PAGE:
43-year-old Canadian man has nearly seven feet of intestines removed after severe AstraZeneca “rare” blood clots
LANGLEY CITY, BRITISH COLUMBIA — A 43-year-old British Columbia man had his life turned upside-down by what he believed was the right thing to do.
Mr. Shaun Mulldoon received the experimental AstraZeneca viral vector shot on April 22, according to his Facebook page. He began experiencing severe stomach pains around Monday, May 3. Mr. Mulldoon went to his family doctor twice that week. But all he got was a negative COVID-19 test and sent home. Mr. Mulldoon started vomiting, passing bloody stools, and had high fevers soon thereafter. He checked into the emergency room on May 8. That’s when things quickly escalated.
Doctors diagnosed him with a “massive blood clot” in the small intestine. He underwent emergency surgery to remove nearly six feet of intestine. Two days later, doctors removed several more inches.
Mrs. Tara Mulldoon, Shaun’s wife, told CBC News that this is a “life-changing” ordeal for the family, which includes two children. Tara said they are not “anti-vaxxers.” But she is warning people to take any and all post-injection reactions seriously. Mr. Mulldoon is still in the hospital as of publishing.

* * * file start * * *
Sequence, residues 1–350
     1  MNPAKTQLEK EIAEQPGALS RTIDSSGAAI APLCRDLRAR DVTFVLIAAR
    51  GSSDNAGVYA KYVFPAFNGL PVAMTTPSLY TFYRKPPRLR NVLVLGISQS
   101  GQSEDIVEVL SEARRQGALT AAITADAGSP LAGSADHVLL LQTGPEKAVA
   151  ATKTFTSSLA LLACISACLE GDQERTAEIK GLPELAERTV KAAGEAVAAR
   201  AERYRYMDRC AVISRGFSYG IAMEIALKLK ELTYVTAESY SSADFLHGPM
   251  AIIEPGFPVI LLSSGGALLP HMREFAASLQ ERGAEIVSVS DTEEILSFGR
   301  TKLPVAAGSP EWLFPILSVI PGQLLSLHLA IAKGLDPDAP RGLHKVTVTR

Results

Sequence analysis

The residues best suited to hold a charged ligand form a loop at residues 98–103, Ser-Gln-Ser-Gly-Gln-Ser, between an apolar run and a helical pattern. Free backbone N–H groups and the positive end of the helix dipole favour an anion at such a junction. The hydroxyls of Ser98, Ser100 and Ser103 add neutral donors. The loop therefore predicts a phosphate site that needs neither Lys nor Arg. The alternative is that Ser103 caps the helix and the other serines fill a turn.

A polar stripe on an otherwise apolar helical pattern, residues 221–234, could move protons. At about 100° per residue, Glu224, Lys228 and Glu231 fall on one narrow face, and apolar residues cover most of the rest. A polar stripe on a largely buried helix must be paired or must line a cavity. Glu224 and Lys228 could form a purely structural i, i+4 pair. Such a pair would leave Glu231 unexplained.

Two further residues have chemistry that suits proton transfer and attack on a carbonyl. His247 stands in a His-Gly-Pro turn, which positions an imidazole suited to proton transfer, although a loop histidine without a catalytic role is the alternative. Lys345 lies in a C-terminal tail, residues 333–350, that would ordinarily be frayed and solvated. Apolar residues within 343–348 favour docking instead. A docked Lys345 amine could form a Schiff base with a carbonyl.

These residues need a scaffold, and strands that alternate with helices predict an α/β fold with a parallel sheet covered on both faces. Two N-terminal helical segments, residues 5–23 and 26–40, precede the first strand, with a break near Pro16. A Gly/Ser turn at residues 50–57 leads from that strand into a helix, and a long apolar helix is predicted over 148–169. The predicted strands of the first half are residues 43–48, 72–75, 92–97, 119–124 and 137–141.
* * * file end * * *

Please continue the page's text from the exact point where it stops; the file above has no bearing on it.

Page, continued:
Mr. Mulldoon was diagnosed with vaccine-induced immune thrombotic thrombocytopenia (VITT). It is a known side effect of the Johnson & Johnson and AstraZeneca shots, which are essentially the same product. Dr. David Fisman of the University of Toronto told reporter Yvette Brend that this condition is no “run-of-the-mill” blood clot. British Columbia Provincial Health Officer Bonnie Henry called VITT “very serious” and most likely to happen after the first shot. John Bell, a developer of the AstraZeneca shot, said Canada is “acting on a lot hearsay not facts” as several provinces restrict use of the shot.
Bowel resection surgery (intestine removal) seems to have a relatively-positive prognosis. But Mr. Mulldoon will likely be prescribed blood thinners for the rest of his life.